The NHS played another blinder a couple of weeks ago. Gerry was rung on a Saturday morning and offered an appointment with a surgeon the following Wednesday. The surgeon agreed to do the excision biopsy and gave us a date for a couple of days after our return from a holiday to France. Gerry then checked with the Haematologist who had by then received the results of a PET Scan done at the Churchill hospital in Oxford the previous week. As a result, he suggested that he would rather that we did not go to France and that the operation should be done ASAP. The surgeon reprogrammed and I had the surgery this Tuesday. I was offered the chance to stay in hospital but elected to be a day case and recuperate at home.
Last Friday morning having attended the hospital for a pre-op screening, we decided to go away for the night and headed off to Exmoor. We managed a lovely walk near Dunster Castle and stayed in the village of Nether Stowey for the evening. The next morning we set off to meander home and enjoy some of the Exmoor villages and towns. We stopped at the National Trust property of Knightshayes near Tiverton and enjoyed a walk around the gardens and were amazed at the colours in the trees and the lily pond in particular.
Apart from volume of traffic on the M5, we had a pleasant journey home - a short but very pleasant break.
The surgery went well and Gerry is now recovering well from the general anaesthetic as much as the operation itself. Now it is a question of waiting for the results of the biopsy to determine the grade of lymphoma and hence develop a treatment plan.
Thanks NHS for the personal touch and speedy service.
Given the uncertainties about Gerry’s ongoing investigations and treatment we continued our principle of getting away with a week in a mobile home at our favourite Devon campsite at Harford Bridge.
We did some of our favourite walks at Lerryn, and Lanhydrock to Restormel Castle in Cornwall and also Chagford, Dr Blackall’s Drive and Brentor in Devon. Restormel Castle, Mevagissey and the river at Mary Tavy were particularly beautiful.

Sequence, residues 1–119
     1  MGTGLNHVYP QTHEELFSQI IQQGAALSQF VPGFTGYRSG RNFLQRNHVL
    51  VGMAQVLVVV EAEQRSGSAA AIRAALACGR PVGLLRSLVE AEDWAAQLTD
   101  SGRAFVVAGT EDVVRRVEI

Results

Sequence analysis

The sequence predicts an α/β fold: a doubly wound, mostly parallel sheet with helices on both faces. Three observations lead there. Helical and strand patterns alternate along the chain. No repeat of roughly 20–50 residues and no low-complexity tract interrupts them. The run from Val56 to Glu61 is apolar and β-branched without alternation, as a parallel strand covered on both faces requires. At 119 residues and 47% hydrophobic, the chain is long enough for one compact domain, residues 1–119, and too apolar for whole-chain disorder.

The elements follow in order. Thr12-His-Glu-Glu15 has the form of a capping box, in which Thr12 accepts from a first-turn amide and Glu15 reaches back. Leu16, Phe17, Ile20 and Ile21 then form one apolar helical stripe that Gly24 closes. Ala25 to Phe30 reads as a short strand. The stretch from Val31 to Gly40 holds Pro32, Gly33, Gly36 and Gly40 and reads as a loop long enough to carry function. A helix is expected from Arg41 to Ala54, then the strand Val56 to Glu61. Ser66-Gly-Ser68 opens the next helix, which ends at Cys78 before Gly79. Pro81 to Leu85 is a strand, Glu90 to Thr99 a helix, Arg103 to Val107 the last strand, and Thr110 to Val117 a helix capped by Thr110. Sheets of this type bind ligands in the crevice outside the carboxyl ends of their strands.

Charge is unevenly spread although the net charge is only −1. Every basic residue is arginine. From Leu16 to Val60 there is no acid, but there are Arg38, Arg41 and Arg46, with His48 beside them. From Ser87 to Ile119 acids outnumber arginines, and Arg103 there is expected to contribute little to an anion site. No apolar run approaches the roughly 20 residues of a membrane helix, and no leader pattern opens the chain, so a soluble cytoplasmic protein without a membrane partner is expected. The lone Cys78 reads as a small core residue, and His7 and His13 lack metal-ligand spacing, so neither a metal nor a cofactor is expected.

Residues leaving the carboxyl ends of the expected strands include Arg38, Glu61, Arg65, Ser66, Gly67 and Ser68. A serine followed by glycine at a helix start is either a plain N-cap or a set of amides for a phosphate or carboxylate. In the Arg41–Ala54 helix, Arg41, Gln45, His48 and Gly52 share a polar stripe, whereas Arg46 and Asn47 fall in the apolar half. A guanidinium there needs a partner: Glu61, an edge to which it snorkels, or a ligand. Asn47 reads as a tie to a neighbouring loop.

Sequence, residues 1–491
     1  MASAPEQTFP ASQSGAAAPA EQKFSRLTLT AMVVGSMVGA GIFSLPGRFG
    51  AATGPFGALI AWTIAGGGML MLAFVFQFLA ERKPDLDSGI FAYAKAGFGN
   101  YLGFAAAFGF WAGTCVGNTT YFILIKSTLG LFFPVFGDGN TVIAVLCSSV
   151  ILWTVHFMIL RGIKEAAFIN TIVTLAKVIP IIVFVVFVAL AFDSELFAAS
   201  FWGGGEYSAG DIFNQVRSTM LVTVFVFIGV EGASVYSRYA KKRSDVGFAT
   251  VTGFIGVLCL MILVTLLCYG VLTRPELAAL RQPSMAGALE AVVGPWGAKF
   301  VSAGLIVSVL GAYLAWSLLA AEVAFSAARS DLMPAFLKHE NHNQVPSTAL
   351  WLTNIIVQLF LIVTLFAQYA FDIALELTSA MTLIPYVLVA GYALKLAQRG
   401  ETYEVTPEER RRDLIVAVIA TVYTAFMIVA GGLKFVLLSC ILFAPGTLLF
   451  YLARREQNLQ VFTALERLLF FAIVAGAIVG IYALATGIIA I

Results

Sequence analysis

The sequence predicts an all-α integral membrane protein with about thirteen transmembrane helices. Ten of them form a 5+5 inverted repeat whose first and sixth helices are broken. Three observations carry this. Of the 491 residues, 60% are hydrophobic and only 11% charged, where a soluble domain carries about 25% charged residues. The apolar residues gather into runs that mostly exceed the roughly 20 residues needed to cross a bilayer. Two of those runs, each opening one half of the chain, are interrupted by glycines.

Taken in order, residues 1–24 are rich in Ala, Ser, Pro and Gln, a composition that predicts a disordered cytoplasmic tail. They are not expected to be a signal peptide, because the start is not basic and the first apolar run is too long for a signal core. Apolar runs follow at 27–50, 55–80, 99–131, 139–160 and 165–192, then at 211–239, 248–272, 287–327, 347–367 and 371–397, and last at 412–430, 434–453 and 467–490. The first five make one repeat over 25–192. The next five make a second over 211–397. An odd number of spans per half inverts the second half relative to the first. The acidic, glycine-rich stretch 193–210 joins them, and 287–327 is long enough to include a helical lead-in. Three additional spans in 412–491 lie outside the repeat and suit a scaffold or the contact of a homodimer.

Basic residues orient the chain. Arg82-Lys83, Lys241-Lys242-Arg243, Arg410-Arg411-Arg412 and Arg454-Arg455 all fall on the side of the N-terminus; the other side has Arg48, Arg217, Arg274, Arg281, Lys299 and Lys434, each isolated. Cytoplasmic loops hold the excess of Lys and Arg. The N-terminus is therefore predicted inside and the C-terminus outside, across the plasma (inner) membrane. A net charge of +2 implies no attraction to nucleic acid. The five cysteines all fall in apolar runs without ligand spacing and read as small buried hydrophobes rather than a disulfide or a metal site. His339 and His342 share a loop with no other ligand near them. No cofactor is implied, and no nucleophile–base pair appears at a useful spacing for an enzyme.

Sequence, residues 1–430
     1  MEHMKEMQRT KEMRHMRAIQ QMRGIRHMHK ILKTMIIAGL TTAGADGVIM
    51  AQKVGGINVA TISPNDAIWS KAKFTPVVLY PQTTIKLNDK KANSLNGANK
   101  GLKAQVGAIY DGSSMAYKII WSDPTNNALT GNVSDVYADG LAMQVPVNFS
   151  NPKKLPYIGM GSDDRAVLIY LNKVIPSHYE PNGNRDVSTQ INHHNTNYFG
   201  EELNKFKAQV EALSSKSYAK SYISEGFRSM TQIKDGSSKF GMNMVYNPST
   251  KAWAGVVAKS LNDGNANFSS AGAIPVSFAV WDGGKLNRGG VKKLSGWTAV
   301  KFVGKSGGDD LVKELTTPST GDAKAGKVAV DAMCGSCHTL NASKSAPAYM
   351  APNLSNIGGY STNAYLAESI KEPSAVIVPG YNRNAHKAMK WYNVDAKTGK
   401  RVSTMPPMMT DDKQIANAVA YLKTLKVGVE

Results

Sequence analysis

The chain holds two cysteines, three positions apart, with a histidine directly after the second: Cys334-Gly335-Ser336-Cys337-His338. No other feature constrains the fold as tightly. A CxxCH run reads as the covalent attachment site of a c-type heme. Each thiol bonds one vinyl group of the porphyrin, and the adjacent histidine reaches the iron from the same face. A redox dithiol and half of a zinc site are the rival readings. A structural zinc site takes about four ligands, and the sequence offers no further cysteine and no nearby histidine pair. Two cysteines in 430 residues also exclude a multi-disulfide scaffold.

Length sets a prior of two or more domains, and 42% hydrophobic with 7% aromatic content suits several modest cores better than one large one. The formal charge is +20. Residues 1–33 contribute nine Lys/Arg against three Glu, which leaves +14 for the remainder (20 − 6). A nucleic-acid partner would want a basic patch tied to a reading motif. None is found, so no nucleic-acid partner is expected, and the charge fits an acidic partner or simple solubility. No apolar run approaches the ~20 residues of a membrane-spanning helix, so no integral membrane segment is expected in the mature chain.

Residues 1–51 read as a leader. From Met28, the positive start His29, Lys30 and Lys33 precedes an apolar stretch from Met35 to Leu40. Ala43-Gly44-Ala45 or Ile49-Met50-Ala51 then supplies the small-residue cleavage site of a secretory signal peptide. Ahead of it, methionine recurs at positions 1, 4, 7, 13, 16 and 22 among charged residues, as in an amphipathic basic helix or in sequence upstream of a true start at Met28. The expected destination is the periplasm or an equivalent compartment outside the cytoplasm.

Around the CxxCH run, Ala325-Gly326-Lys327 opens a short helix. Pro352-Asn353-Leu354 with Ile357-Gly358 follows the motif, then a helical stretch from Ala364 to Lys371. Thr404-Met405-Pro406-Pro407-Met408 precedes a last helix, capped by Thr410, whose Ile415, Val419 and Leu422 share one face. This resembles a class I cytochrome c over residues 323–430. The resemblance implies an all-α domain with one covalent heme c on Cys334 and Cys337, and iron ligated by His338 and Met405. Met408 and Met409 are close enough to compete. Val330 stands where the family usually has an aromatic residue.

More amazingly, 2016 is certainly the year of the bluebell as well as wild garlic and buttercups. We were amazed at the blue hue of the countryside – the bluebells seemed to be everywhere. The hedgerows were also often a blend of many colours and a joy to behold.
On another day we travelled from Gunnislake to Plymouth on the Tamar Valley railway line. It was quite an interesting trip but the most stunning part was the Calstock viaduct 120 feet above the River Tamar. Plymouth Railway Station was an absolute concrete monstrosity from the 1960’s (I assume) and, as we did not want to walk into Plymouth, we returned on the next train but then went to Calstock to view the viaduct properly.
Our walk up the hill to the Church on Brentor revealed that the church is covered in scaffolding as the roof lifted during a gale. It is quite a feat as the materials have to be taken up the hill by tractor and trailer and then the scaffolding has to be weighted down by tanks filled with water. Having completed our walk one day we returned on the Sunday evening to attend a sung evensong. There were about 12 people there with a battery powered key board and gas lighting. Gerry was asked to read a lesson which made it even more special.
Annie’s sister Pam and husband Neil visited us on one afternoon and we then enjoyed a meal together at the Mary Tavy Inn just up the road. Our week was over very quickly and we returned to Fairford via Bristol and a short visit to see our grandson Oscar.
We celebrated Annie’s birthday with a gathering of all of the UK based members of the family plus Martin and Louise who were visiting the UK from Singapore,
James, Hannah, Rosie and Ptolemy had stayed with us for the weekend but Jon, Jess and Oscar as well as Jenny, Mark, Bethany, Callum and Elsie had come for a Birthday Lunch with Martin and Louise joining us after lunch.
The weather was gorgeous and we were able to spend a lot of time in the garden.
A wonderful time was had by all.